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Author Topic: Improvising to Swinging from Barren Branches  (Read 880 times)


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Improvising to Swinging from Barren Branches
« on: November 11, 2014, 11:47:28 PM »
Every year I put up Autumn Leaves and this year I wanted to play it more like a jazz musician.  Unfortunately that didn't happen, but here's what I tried.

I'm sure there are many ways to improvise.  Most of the suggestions I found for this song said to play the C major scale for the first four bars, then the A harmonic minor scale for the next four.  Repeat.  Then switch, stay on the A harmonic minor scale for four measures, then go to C Major.  The last eight bars, I didn't understand what anyone was saying about them.  Some said there were several quick key changes.  I just decided I'd have to play the pentatonic scale there.  But it didn't matter, because nothing I played sounded good.  I still don't know why.

I ended up doing what I normally do - just play what sounds good to me on a C chromatic.  However I'm sure I played a fair amount of 'wrong' notes.  Sometimes I improvise using the chord tones.  I saw a vid with guitarist Mike Stearn and he showed how just the chord tones alone work pretty well on Autumn Leaves.  To do this, I have to use Tinus' web site and make charts.  Then I have to practice a lot.  People say just using the chord tones doesn't usually sound good, but I feel like it works for me.  But I never retain any of the chord knowledge, I don't end up with something to build on, so it seems like too much work for too little gain.

The two scales here are pretty similar, but they are supposed to sound quite different.  I always think of harmonic minor for Middle Eastern music, Bulgarian folk, and heavy metal solos.  But apparently it is used often in jazz.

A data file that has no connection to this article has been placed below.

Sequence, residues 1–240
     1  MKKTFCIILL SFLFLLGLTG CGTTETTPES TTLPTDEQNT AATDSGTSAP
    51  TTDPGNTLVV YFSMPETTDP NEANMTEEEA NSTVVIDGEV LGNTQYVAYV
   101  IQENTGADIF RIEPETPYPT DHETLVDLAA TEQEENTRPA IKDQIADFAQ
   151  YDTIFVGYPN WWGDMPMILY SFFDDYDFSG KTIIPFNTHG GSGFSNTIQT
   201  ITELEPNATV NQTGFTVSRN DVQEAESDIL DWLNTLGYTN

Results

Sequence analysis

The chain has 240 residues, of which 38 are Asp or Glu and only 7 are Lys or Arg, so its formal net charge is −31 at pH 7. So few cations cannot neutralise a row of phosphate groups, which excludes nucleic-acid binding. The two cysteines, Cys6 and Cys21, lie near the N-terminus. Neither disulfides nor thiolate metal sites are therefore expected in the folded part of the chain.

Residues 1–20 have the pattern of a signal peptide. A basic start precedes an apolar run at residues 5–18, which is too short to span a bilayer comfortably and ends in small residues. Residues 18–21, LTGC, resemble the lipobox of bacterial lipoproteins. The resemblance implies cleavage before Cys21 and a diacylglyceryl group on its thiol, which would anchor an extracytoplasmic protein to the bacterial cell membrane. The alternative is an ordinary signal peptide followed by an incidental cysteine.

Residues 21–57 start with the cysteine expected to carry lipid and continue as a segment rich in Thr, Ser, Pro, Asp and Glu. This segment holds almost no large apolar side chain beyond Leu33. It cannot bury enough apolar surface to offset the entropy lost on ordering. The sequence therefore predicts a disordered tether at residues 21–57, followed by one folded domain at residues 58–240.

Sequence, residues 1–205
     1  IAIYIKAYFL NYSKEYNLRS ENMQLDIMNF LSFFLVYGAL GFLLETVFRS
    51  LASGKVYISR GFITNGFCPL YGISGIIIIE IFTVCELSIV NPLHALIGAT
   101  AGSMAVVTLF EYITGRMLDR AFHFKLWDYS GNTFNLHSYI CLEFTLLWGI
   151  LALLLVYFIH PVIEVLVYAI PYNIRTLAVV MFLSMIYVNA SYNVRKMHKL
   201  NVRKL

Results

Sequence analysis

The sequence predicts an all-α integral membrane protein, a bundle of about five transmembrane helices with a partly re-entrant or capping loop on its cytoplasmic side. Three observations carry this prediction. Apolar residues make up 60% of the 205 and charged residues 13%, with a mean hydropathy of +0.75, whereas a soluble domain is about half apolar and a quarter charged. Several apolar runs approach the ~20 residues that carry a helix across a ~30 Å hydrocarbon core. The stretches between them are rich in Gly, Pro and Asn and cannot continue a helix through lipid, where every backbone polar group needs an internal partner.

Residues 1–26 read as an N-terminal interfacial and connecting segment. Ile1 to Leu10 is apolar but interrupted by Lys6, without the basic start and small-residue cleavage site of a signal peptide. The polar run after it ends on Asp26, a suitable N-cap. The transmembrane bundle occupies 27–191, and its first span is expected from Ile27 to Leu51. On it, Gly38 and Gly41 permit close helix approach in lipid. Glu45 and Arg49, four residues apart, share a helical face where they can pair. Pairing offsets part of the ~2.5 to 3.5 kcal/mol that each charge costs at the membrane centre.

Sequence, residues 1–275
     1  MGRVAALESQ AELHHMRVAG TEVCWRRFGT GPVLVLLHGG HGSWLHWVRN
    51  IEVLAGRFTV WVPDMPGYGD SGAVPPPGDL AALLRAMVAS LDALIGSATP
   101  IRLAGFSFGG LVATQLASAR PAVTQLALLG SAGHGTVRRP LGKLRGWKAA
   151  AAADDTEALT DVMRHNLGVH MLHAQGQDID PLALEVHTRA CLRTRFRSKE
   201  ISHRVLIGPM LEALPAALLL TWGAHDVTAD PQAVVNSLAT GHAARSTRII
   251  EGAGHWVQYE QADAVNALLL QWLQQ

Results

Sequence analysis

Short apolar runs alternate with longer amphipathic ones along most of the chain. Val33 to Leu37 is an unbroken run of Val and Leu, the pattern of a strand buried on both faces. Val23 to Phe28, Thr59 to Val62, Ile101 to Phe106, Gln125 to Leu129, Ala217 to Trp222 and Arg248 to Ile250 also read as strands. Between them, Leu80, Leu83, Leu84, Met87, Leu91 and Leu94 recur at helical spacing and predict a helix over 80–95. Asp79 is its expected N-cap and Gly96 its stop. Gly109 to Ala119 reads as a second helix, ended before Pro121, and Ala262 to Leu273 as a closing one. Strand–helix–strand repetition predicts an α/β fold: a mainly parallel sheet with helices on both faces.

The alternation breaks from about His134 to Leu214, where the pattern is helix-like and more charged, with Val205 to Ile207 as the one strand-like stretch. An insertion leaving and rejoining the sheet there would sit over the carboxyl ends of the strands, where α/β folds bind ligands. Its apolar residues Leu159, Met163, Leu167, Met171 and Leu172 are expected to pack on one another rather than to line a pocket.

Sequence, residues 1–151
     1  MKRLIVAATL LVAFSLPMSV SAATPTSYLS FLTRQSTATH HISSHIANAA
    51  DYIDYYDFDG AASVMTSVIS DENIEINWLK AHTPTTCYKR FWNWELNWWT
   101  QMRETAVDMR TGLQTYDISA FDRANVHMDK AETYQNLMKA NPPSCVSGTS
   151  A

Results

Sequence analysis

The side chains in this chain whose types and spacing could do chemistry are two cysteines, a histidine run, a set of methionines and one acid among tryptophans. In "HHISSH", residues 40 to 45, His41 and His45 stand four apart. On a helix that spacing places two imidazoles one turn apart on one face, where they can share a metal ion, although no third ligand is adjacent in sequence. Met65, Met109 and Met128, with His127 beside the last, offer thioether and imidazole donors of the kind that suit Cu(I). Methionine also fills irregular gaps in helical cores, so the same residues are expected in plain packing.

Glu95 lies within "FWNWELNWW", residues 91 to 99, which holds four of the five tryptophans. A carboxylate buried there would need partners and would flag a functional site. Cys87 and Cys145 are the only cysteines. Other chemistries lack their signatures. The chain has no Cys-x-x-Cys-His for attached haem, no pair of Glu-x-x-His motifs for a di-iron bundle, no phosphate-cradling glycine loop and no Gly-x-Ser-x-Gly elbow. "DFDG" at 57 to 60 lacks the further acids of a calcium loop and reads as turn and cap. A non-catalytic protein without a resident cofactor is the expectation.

I think AL usually is played in Em (G).  I put it up in Am to make it easy for a C chromatic harp.

Hopefully Ed will come along and have some words of wisdom.

Blue boy

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Re: Improvising to Swinging from Barren Branches
« Reply #1 on: November 14, 2014, 06:20:45 AM »
BZB. This is such a good topic for me. The biggest question for me is: Where and how do I invest my time for: 1)building technique and 2)  practicing enough that I feel a growing freedom to express myself musically through improvisation with the technique I have built and refined. I love the diatonic harmonica because it can be played so expressively and feels so immediate and personal. I enjoy playing the chromatic in third position, like third position on the diatonic, because I can transfer what I learned on the diatonic with relative ease, and build from there. Playing the chromatic only in third position limits what I will do musically with the chromatic, but I know I will not give the chromatic enough practice time to develop the fluency necessary for improvisation using scales other than what is available in the third position. I love how William Clarke played the chromatic, and I believe he used third position much of the time. Rod Piazza is also a good model for me, and the model that both used was George Smith, a very fine blues chromatic player. Responding to your post has helped me clarify my goals for the chromatic. Thanks.